Thousands frozen out of payments for energy efficiency

The Green Deal Home Improvement Fund will exclude households with the wrong type of boiler, says Simon Read

Simon Read
Friday 02 May 2014 20:45
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The Government's new Green Deal Home Improvement Fund, announced this week, discriminates against an estimated 850,000 homes in rural England and Wales. That's because these householders will be unable to take advantage of the scheme to upgrade their boiler as it only applies to gas-fired types.

On Thursday the Department of Energy and Climate Change revealed that, from June, people in England and Wales will be able to get up to £7,600 back through the new Green Deal fund.

Under the scheme, domestic energy customers can secure up to £1,000 for installing two measures from an approved list, up to £6,000 for installing solid wall insulation and up to £100 refunded for their Green Deal Assessment.

The scheme also entitles those who bought a property in the year before applying to qualify for up to an additional £500 if they carry out energy-efficiency improvements.

The Energy Secretary, Ed Davey, said: "The best way for households to take control of their energy bills is to use less energy. Faulty boilers, draughty windows and insufficient insulation all cause properties to leak hundreds of pounds every year."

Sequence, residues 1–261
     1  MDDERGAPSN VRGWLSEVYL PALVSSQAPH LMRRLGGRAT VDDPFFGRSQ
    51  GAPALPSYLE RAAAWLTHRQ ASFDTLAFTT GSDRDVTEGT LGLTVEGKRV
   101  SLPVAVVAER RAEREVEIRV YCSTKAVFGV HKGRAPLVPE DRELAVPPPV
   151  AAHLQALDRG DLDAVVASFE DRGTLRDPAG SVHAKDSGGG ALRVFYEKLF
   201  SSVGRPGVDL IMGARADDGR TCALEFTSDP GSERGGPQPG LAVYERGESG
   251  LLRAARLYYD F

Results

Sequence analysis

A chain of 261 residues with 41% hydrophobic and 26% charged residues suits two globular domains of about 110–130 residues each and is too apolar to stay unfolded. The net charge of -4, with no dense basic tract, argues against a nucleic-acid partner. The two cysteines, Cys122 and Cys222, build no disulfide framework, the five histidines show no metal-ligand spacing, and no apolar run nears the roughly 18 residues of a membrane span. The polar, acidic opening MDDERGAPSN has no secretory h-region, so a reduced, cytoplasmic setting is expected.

But Jeremy Hawksley, director general of Oftec, the oil-fired heating trade body, warned: "The vast majority of people in rural Britain live in homes with old, inefficient boilers and so will not be able to upgrade to modern high-efficiency models under the new arrangement. This is clearly discriminatory and unfair."

Oftec reckons that rural households are much more likely to be in fuel poverty. A recent Consumer Focus report said that an estimated 29 per cent of rural homes in England and 47 per cent in Wales are being forced to spend more than 10 per cent of their household income on keeping their home warm.

Last month the Government launched its domestic Renewable Heat Incentive scheme, aimed at encouraging rural households to adopt new heating technologies to reduce fuel bills and carbon emissions.

But the high upfront cost, which according to Oftec is between £8,000 and £19,000, makes the scheme fit for only the wealthy, Mr Hawksley said. In contrast, being able to upgrade a boiler is a far more affordable solution, helping to cut fuel bills and emissions by an average of 20 per cent.

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